Lexapro, the brand name for generic drug escilapram oxolate, is a Selective Serotonin Reuptake Inhibitor, or SSRI. SSRIs are antidepressants which boost mood by preventing reabsorption of the neurotransmitter serotonin to the brain. By blocking this neurotransmitter, Lexapro has been shown to ease depression in some individuals. Lexapro is also used by adults suffering from generalized anxiety disorder.

Forest Laboratories, LLC produces and distributes Lexapro alongside numerous pharmaceuticals. This company was newly acquired by Actavis, which claims to among the fastest growing pharmaceuticals companies due to their investment in strong research and development.

Lexapro has been on the market for 13 years, having been approved by the FDA in August of 2002. In a press release announcing the release of Lexapro, Howard Solomon, Chairman and CEO of Forest Laboratories, predicted Lexapro would be a popular option for treating depression among adults due to the small number of side effects associated with the drug as well as the fast acting nature of this SSRI.

According to the FDA-Approved Medication Guide, Lexapro is indicated for use for the following conditions:

  • Acute Depression
  • Major Depressive Disorder
  • Generalized Anxiety Disorder

Lexapro is available in tablet form as an oral solution.

Side Effects of Lexapro

Eight possible major side effects are listed in the FDA-Approved Medication Guide for Lexapro. The guide instructs users of Lexapro to speak with their doctor before discontinuing use of the medication, since suddenly stopping Lexapro could be dangerous to their health. The possible side effects are as follows:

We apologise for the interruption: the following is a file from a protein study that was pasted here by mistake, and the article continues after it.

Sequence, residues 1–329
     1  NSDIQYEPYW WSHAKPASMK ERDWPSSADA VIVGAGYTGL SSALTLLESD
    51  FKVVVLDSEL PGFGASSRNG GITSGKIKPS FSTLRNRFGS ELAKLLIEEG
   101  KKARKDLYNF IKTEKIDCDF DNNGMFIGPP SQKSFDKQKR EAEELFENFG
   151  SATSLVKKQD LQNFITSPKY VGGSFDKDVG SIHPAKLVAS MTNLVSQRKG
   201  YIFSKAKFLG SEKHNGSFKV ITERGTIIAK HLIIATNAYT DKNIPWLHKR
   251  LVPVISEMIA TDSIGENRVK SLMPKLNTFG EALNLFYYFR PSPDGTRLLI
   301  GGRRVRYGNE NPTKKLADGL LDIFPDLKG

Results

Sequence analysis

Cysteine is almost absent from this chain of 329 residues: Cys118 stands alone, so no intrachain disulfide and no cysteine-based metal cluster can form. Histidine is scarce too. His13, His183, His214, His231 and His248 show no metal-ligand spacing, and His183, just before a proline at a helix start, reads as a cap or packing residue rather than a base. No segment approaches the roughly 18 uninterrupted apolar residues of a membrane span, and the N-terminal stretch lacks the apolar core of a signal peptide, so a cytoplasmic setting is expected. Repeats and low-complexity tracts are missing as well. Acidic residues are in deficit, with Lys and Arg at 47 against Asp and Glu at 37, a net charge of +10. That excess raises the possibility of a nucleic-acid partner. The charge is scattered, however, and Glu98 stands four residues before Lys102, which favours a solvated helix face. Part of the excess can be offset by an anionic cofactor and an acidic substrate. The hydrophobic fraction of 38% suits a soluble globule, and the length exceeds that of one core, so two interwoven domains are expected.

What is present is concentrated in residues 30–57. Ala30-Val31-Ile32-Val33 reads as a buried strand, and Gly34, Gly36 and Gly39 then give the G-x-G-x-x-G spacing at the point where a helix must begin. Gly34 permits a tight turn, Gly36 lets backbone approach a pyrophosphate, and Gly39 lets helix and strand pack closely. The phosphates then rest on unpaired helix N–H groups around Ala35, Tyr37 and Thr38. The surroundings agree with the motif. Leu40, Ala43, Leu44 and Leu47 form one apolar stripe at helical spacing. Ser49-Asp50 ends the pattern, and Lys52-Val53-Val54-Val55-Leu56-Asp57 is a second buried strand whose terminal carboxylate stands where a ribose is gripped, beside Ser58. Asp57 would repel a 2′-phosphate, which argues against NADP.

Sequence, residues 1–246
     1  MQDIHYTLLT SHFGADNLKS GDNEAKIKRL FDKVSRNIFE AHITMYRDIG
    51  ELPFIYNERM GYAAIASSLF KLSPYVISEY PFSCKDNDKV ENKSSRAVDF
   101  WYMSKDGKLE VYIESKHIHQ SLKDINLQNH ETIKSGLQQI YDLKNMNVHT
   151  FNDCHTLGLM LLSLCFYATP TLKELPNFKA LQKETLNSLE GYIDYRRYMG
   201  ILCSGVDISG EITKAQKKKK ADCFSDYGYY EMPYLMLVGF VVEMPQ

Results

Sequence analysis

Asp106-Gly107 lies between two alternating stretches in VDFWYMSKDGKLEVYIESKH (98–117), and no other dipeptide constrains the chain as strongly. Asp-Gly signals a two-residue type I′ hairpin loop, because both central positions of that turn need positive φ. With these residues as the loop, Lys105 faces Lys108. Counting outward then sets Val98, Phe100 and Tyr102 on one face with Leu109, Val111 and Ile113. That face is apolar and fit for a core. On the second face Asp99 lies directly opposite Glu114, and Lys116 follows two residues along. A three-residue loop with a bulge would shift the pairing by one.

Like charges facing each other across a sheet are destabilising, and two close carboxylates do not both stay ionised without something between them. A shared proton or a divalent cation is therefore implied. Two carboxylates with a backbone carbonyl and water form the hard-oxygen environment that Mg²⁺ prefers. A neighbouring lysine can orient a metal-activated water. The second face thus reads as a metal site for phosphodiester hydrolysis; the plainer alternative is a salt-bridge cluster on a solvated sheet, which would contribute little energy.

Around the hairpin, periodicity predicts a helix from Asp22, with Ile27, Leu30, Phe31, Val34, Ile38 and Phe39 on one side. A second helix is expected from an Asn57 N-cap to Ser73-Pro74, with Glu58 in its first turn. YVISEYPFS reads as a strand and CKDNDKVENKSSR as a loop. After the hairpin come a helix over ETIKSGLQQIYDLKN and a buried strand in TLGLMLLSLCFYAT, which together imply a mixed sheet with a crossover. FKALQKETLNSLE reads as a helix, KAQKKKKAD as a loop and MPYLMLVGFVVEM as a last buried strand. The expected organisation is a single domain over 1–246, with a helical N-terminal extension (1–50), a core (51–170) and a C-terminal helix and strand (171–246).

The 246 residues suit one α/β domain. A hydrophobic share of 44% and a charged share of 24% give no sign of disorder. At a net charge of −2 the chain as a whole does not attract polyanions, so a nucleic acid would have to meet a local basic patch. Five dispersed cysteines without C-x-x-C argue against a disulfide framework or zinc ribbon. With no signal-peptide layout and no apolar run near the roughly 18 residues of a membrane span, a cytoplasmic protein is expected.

• Within in the first few months of taking Lexapro, patients may experience an increase in suicidal ideations or actions. Individuals experiencing this side effect should contact their healthcare provider immediately.
  • Serotonin Syndrome, which occasionally occurs in patients starting a new medication or increasing their dose. The symptoms of serotonin syndrome include extreme changes in mental status such as hallucinations, unconsciousness, confusion, and unrest as well as various physical symptoms.
  • Some individuals may experience an allergic reaction characterized by trouble breathing, swelling, and hives.
  • An increase in internal bleed is possible when combined with blood thinners.
  • Seizures
  • Characteristics associated with mania such as difficulty sleeping, abnormal energy levels, grandiose ideations, impulsivity, and extreme mood swings.
  • Weight and appetite changes.
  • Decreased sodium levels in the blood stream, which may produce symptoms of headaches, confusion, unsteadiness, nausea, dizziness, sweating, and electric shock sensations.

In addition, it has been reported that Lexapro can result in a decreased libido and delayed ejaculation in men.

Lexapro Birth Defects

A greater number of women take antidepressants when compared to men, according to the Birth Injury Guide. The unborn children of individuals taking Lexapro and other SSRIs while pregnant may be at risk for birth defects.

Recent clinical studies used to determine the safety of Lexapro did not include pregnant or nursing women but in studies involving animals, harm to the fetus did occur. Because of this, the FDA advises against using Lexapro and other SSRIs with pregnant or breastfeeding. The possible birth defects or injuries to those taking Lexapro include the following:

  • Persistent Pulmonary Hypertension of the Newborn or PPHN: In a Post Market Drug and Safety Information sheet for patients and physicians, the FDA disclosed that SSRIs taken after week twenty of pregnancy were found to increase the chances of PPHN six times. PPHN can be fatal and is characterized by low oxygen levels due to constricted blood flow to the lunds.